Friday, November 2, 2012

Music I'm Listening to: The San Francisco Symphony with Asher Fisch and David Fray

I attended the October 26 performance of the San Francisco Symphony at Davies Symphony Hall. On the program were Wagner's Prelude to Act 1 of Lohengrin, Mozart's Piano Concerto No. 22, and Brahms's Symphony No. 4. Jaap Van Zweden was to have been the guest conductor, but he cancelled for some reason. Asher Fisch conducted in his place. David Fray was the soloist in the Mozart concerto. Both Asher Fisch and David Fray were new names to me. Fisch appears to have conducted a lot of opera. He is Principal Guest Conductor of the Seattle Opera, but he will take over as Principal Conductor and Artistic Advisor of the West Australia Symphony in September 2013. Fray studied at the National Superior Conservatory of Music, in Paris. He made his professional debut with the Cleveland Orchestra, in 2009. He records for Virgin Classics.

I didn't know what to expect from conductor Fisch, but I must say I enjoyed the entire concert--even the Wagner, and Wagner is not usually to my taste. I thought the scintillating, overlapping opening section especially well done. The Mozart was enjoyable--perhaps a bit too "correct"--but fun nonetheless. My main complaint about Mr. Fray's playing (besides a hint of muddiness here and there in some of the faster, more intricate passages, mostly in the first movement) was a certain disconnectedness. It seemed as if he were analyzing the music rather than playing it--if that makes sense. He was, in fact, playing, of course, and the second movement was handled very well, I thought.

I find it hard not to comment of Mr. Fray's overall demeanor. He plays rather slouched at the piano and he likes to throw his hands off to the side of the keyboard at the end of a loud passage as if to say "take that!" Although he looked mild-mannered relative to some pianists (Melvyn Tan comes to mind), his exaggerated gestures were a bit much. Most of the time, his brow was furrowed and he appeared to be scowling. He gave me the impression of being angry at the keyboard for some reason--as if the keys had just insulted his mother and he wasn't going to stand for it. It all got a bit annoying. I listened to much of the performance with my eyes closed because to watch him play was distracting.

Having said all that, I think Fray is a good pianist. He has a strong left hand and seems to like to emphasize the rhythms of the harmonies behind the main melodic lines of the music. I immediately thought to myself that he's probably an excellent interpreter of Schubert and I imagined he'd play the Impromptus and the Moments Musicaux well, in particular. I was delighted to see at intermission that he has recently recorded these and that he'd be signing CDs after the performance. At home the following day, I listened to the Schubert recording I purchased for an autograph, and I wasn't disappointed. There are idiosyncratic passages--a few fleeting descents into bombast--but otherwise very enjoyable. Mr. Fray is, indeed, an interesting interpreter of Schubert and one that I hope will grow. I look forward to following this young man's career. Perhaps he will begin recording the Schubert sonatas before too long. I hope he'll be back in San Francisco soon.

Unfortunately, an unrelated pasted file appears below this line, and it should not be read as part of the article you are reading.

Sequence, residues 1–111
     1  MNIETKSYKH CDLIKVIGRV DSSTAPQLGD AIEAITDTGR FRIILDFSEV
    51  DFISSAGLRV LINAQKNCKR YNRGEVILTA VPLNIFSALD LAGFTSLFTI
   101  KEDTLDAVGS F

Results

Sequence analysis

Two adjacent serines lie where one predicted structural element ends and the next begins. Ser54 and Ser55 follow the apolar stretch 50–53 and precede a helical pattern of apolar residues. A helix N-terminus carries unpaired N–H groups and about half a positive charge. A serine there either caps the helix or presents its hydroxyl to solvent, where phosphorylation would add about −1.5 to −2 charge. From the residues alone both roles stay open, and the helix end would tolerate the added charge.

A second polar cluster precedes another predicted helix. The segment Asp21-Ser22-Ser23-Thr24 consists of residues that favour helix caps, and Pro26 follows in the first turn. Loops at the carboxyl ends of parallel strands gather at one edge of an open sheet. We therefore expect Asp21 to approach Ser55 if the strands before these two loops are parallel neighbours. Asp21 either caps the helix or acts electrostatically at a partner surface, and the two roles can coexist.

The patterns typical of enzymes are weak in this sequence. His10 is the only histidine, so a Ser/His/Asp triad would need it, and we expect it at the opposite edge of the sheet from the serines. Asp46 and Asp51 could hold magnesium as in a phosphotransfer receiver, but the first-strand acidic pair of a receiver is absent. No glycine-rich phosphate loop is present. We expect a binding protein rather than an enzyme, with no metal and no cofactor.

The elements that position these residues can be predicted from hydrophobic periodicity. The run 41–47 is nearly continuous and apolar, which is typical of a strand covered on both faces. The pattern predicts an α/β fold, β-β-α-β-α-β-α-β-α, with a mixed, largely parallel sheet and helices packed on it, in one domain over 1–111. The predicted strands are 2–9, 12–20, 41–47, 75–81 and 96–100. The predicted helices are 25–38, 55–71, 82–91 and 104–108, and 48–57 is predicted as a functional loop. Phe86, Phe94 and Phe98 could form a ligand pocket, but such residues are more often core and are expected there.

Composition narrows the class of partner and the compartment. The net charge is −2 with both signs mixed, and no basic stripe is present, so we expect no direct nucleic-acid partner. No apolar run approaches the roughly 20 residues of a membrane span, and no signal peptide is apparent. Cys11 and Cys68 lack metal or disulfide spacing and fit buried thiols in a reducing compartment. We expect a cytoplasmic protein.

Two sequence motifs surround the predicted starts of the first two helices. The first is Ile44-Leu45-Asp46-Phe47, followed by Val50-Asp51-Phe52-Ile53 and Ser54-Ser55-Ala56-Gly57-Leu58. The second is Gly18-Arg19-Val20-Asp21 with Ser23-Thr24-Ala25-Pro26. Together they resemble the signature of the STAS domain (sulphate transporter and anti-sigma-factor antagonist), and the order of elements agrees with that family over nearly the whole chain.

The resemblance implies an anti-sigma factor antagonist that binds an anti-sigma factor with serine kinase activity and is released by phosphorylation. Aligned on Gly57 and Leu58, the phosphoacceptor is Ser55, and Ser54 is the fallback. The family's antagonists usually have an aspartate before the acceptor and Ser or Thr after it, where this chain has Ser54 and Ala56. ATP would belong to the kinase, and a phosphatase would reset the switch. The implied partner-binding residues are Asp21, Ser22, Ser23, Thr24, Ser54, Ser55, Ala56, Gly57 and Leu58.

I thought Fisch's interpretation of the Brahms symphony excellent and the playing mostly perfect. I had a few nits to pick, lined up in my head as I listened, but at this remove I can't remember what they were--which is to say they were probably trivial. I do remember thinking that the conductor rushed the fourth movement just a little, but otherwise, the piece was very nicely done--lush, emotionally invested, but not overdone. The horn section was a standout and the long pizzicato passages were handled by the strings with conviction. I was a little apprehensive at first about the change in conductors, but I'd be very happy to see Asher Fisch leading in San Francisco again. I hope he returns sooner rather than later.

The highlight of a quick meal after the concert at Absinthe (besides the lovely Kimberly at reception making quite a statement in a bright red shirt set off by a wide back belt) was encountering a new wine grape called Pellaverga Bianco, which had a wonderfully smokey character to it (at least in the wine I enjoyed). This is a grape to explore further. It appears to be confined to the Piedmont region of Italy.

Photo of David Fray courtesy of the San Francisco Symphony

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